Kaci Ginn, an undergraduate student employee with the Midwestern Public Health Training Center, has been an integral part of Jones County, Iowa’s COVID-19 response. She’s been liaising with county departments, consistently engaging with the county board of health and board of supervisors, and connecting with health departments across the state. At a recent meeting, a reporter from the local Monticello Express asked her about what she was doing with Jones County and wrote an article about Kaci’s three stints with Jones County.
Kaci recently wrote up what it’s been like studying public health and working for a local health department in the midst of a pandemic. Take a look at what she has to say:
Responding to an event such as the current Public Health emergency requires the coordination of a lot of different players. One part of public health that I had not been exposed to in public health practice had been public health emergency preparedness (PHEP). PHEP was something that I was in the process of taking a course on and I knew that planning was a big part of public health practice, but I did not fully have a grasp on just how important preparedness is for the health of communities. Being able to incorporate what I am currently learning in regards to PHEP as well as coordinating public health’s response with the emergency manager in the county has been an amazing opportunity to see the greater reach of public health activities in practice.
I worry a lot about the mental health of those who are living in unsafe homes right now. Whether homes are unsafe due to food insecurity, domestic abuse, heightened financial stress or stress and anxiety in general, isolating may be exacerbating these issues and cutting them off from needed resources. Another thing I worry about, especially in the rural community where I am working, is the mental health of farmers who are at the mercy of the weather and now the added stress of volatile markets as a result of the pandemic, because, in my experience, farmers are usually the last ones to reach out for help when they are in need.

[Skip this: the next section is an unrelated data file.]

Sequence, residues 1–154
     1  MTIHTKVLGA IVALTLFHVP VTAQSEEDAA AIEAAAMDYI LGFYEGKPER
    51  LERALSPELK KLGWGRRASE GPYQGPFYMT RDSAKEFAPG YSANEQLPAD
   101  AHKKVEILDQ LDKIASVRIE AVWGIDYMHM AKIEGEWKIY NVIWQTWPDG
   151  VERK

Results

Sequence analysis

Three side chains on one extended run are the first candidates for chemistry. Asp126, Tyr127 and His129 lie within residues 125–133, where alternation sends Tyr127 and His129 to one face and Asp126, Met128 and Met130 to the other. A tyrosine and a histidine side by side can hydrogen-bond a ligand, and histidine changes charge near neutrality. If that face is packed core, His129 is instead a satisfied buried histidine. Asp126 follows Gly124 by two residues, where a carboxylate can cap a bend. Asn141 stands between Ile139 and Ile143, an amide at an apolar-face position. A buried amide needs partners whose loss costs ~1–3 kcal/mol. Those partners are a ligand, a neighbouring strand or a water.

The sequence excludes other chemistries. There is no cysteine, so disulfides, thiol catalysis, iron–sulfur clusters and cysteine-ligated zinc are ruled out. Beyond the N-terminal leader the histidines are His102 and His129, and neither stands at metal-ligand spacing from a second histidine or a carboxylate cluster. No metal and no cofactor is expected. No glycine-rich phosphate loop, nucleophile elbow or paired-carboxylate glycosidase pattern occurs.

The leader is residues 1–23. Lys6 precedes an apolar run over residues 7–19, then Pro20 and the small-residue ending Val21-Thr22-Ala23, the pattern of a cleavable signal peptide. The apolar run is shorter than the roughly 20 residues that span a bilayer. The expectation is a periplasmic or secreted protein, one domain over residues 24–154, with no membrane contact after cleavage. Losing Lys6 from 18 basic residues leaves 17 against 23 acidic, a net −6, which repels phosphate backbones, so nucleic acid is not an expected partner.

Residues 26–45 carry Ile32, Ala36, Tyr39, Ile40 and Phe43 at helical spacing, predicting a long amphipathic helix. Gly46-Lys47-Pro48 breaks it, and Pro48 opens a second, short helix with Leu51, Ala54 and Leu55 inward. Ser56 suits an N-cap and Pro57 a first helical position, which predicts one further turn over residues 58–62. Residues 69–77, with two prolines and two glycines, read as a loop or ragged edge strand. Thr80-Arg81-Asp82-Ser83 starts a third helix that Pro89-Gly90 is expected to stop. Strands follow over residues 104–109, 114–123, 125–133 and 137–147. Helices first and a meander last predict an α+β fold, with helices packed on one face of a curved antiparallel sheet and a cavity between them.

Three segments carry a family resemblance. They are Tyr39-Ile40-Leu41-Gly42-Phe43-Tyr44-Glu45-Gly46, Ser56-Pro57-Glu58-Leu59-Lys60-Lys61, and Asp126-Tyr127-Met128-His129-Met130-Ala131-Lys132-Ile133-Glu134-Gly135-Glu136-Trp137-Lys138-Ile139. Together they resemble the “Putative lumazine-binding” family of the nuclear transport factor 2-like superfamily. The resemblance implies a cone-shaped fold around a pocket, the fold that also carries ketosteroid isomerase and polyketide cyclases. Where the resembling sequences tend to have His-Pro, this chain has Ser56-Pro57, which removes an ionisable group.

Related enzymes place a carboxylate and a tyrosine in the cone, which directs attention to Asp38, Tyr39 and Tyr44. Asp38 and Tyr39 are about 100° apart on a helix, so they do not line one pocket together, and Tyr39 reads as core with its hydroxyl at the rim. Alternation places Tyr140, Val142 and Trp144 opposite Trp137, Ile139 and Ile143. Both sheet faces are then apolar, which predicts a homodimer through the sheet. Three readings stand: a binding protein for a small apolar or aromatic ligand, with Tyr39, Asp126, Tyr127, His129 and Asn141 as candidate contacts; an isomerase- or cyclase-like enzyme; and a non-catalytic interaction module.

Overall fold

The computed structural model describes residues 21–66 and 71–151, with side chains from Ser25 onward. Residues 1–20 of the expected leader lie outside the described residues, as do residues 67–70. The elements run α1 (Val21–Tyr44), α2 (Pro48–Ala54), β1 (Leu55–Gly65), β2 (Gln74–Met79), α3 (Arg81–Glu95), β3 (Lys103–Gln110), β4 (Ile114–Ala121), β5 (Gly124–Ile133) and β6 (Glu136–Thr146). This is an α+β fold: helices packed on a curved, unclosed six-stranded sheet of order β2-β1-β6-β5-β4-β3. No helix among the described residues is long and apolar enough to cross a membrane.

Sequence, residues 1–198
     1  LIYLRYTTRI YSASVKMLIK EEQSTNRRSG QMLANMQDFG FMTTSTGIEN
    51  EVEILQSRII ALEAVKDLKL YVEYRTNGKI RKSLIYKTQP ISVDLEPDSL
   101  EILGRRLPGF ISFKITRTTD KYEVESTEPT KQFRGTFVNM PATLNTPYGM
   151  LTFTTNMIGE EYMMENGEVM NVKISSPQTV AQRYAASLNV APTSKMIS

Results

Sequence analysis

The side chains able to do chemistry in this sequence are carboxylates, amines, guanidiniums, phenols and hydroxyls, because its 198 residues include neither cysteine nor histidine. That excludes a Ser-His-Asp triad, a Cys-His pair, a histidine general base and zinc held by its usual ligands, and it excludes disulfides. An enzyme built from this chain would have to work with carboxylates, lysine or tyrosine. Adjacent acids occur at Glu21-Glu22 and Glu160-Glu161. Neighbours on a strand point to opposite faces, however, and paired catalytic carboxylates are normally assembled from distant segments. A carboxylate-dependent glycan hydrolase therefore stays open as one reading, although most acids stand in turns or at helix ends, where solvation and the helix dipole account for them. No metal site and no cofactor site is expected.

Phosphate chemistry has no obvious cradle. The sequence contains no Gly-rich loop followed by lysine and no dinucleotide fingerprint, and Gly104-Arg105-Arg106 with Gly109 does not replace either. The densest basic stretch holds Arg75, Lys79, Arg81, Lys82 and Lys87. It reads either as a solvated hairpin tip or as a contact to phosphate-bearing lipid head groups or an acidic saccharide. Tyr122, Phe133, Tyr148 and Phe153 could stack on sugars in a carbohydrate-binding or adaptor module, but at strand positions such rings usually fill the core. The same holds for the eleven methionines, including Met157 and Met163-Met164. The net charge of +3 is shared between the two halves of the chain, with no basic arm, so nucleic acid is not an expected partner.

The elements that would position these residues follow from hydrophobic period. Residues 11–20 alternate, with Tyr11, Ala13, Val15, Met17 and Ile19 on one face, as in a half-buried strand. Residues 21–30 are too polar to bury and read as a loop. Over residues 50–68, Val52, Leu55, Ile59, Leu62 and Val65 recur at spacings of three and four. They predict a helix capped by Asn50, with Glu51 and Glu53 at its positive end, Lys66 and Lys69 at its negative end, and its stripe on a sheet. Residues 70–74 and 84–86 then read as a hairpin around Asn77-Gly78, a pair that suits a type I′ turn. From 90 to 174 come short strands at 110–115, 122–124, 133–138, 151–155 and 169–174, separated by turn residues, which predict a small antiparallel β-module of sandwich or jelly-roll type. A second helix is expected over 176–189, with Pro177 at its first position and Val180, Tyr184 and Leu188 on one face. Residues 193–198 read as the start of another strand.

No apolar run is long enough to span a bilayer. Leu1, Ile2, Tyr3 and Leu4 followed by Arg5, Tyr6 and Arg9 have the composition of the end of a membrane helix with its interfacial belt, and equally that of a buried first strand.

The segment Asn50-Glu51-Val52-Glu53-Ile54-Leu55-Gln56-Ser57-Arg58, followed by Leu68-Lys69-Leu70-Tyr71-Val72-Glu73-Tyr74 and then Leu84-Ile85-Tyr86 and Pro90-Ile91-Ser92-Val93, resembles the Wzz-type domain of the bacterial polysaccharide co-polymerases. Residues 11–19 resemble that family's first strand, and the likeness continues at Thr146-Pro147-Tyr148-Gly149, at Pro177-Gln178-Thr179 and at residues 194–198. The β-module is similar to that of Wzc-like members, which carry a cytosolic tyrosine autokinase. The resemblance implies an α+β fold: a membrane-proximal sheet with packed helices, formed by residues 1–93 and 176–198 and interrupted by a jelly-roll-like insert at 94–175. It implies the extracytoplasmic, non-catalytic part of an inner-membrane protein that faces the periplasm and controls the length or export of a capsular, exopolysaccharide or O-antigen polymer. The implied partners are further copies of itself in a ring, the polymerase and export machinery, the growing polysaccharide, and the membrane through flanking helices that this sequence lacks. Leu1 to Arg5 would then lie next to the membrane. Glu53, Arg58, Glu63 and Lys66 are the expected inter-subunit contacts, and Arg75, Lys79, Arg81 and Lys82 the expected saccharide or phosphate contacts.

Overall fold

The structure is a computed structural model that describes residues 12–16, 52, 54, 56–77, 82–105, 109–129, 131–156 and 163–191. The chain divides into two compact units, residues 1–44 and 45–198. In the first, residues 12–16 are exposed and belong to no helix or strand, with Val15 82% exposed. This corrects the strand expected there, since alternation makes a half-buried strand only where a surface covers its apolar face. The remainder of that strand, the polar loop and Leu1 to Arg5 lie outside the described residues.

During this time of social and physical distancing, my coworkers at the health department as well as emergency management are utilizing online platforms such as Slack and video conferences as well as text messages and phone calls. We are also holding weekly briefings via video conference with community partners including schools, cities, healthcare entities, community services providers, and others.
Staying in contact with loved ones can be hard to make a priority, especially when the hot topic of conversation is something that you are thinking about, more or less, all day every day. Having boundaries in those conversations with loved ones has been essential to maintaining relationships and my own sanity. Some days those boundaries were “I would appreciate it if we could keep our conversation light, and not talk about COVID-19 or work today,” and some days it was “I am okay with talking about COVID-19 today, but please use discernment when bringing up things you may have heard in the news that err more towards speculation than fact.”
“Look for the helpers” is a line that was featured in a classmate’s speech at my high school graduation ceremony, and it is one that still reminds me to look for the beauty in the hard times. One of the most inspiring things that I have seen in the small community where I am working is the willingness of community members to help in any way that they can. When our emergency manager put out a call for homemade masks due to an anticipated need for PPE, there were countless people who volunteered their time and limited resources to make masks or sent monetary donations to help in whatever capacity they were able to. There are small acts of kindness from people checking in on elderly neighbors to an emergency food delivery program from a coalition of county agencies occurring each and every day. It can be easy to get caught up in the big, scary things that are happening, but I promise there are small, beautiful acts happening at the same time if you look closely.